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mesg: cannot change mode

 
itrc55
Regular Advisor

mesg: cannot change mode

Hi,

 

i facing strange issue with all users on multiple servers, where when i switch from root user to any other user as following

 

# su - testuser

 

i facing the below message

 

mesg: cannot change mode
mesg: cannot change mode

 

please your support.

 

Thanks

 

2 REPLIES
itrc55
Regular Advisor

Re: mesg: cannot change mode

Hi,

and also when i login direct or by switch from root user to any normal user i don't see any thing under the home directory
but when i run more command as following

$ more .profile

i see the content of this file ????! although there is nothing

$ ls -l
total 0


$ pwd
/home/mousa
$
$
$
$ cd
$ ll
total 0
$ pwd
/home/mousa
$
$
$
$ more .profile

# @(#)B.11.31_LR

# Default user .profile file (/usr/bin/sh initialization).

# Set up the terminal:
if [ "$TERM" = "" ]
then
eval ` tset -s -Q -m ':?hp' `
else
eval ` tset -s -Q `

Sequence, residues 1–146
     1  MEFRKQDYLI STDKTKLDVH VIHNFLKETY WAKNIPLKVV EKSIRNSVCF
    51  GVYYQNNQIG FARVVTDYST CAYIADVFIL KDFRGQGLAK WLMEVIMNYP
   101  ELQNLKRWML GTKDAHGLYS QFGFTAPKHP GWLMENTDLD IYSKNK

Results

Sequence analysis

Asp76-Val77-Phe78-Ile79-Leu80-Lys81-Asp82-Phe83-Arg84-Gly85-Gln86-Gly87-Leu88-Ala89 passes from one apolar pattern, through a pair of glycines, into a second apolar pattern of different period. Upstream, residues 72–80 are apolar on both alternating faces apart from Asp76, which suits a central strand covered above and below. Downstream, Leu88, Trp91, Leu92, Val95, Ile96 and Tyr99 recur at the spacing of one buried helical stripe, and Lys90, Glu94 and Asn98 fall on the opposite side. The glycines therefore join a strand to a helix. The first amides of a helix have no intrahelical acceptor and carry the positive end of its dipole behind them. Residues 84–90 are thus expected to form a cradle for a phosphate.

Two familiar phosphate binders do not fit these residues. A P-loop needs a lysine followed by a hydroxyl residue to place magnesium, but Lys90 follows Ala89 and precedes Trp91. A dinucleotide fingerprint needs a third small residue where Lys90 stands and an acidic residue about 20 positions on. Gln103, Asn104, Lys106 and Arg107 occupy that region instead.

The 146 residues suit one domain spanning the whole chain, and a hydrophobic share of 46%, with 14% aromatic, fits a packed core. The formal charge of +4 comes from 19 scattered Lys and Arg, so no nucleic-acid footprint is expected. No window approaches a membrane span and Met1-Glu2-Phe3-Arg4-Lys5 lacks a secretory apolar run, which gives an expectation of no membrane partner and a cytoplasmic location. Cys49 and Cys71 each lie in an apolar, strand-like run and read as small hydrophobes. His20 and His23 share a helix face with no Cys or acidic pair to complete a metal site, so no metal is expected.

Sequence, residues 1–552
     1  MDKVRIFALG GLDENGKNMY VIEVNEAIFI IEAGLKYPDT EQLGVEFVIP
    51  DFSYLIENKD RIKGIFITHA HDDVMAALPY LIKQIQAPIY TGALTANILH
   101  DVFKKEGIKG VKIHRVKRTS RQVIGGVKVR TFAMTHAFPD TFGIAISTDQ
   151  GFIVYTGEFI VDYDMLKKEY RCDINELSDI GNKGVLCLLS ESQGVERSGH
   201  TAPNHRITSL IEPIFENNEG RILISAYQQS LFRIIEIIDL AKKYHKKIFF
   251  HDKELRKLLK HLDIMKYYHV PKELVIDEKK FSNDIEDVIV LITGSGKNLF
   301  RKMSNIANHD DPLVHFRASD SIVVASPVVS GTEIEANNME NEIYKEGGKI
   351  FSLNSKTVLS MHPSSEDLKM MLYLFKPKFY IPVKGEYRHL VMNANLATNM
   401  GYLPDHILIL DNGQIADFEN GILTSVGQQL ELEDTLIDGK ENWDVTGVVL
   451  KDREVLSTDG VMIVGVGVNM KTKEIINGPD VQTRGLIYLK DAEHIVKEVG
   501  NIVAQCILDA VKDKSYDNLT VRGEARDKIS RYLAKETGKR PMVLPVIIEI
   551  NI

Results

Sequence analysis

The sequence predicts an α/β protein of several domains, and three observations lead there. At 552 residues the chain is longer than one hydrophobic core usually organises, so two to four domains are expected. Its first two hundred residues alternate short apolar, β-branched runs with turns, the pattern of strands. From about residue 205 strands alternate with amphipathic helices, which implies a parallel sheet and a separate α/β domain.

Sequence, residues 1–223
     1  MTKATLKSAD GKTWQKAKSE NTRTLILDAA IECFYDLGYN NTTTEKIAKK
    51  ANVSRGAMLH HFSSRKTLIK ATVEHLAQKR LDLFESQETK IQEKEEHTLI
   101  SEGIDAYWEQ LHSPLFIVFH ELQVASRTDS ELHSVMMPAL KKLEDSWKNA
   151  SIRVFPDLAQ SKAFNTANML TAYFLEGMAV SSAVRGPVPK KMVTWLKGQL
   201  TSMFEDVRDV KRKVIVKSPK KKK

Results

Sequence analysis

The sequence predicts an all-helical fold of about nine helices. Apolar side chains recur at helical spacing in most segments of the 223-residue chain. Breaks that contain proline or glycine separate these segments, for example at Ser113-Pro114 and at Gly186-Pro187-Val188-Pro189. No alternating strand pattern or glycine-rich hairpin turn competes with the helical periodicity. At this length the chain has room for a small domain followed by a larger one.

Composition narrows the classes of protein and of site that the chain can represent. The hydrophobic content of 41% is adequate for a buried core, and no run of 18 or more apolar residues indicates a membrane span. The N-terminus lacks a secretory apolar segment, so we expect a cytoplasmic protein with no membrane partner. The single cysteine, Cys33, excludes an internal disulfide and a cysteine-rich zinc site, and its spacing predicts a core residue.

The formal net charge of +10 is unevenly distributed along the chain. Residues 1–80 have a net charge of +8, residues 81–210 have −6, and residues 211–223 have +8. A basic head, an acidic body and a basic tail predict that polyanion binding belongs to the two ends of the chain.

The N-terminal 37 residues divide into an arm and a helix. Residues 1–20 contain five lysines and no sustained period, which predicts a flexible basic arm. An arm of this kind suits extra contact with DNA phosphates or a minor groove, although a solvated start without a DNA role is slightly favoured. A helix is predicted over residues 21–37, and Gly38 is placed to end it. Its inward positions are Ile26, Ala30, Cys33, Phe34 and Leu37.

fi
stty erase "^H" kill "^U" intr "^C" eof "^D"
stty hupcl ixon ixoff
tabs

# NOTE: '.' is added to $PATH for compatibility reasons only. This
# default will be changed in a future release. If "." is not
# needed for compatibility it is better to omit this line.
# Please edit .profile according to your site requirements.

# Set up the search paths:
PATH=$PATH:.

# Set up the shell environment:
set -u
trap "echo 'logout'" 0

# Set up the shell variables:
EDITOR=vi
export EDITOR
umask 077
mesg n

Thanks
Matti_Kurkela
Honored Contributor

Re: mesg: cannot change mode

In Unix, files with "." as the first character of the filename are normally hidden. You can see them when you add option "-a" to the ls command.

 

In HP-UX, the "-a" option for ls is on by default for root, but off for all other users. So root will see all files with just "ls -l", but other users will need "ls -la".

 

When you login, you are given the ownership to the TTY/PTY device of your session. You can know your tty device with the command "tty".

 

The "mesg" command tries to change the permissions of the TTY/PTY device: "mesg n" is equivalent to "chmod o-w $(tty)", and "mesg y" is equivalent to "chmod o+w $(tty)".

 

When you use "su" or similar to switch to another user, the TTY/PTY device stays owned by the original user. When you switch from regular user to root, this is not a problem because root can change anything anyway. But when you switch from root to regular user, or from one regular user to another, commands like "mesg" may cause errors. This is usually nothing more than a minor inconvenience.

MK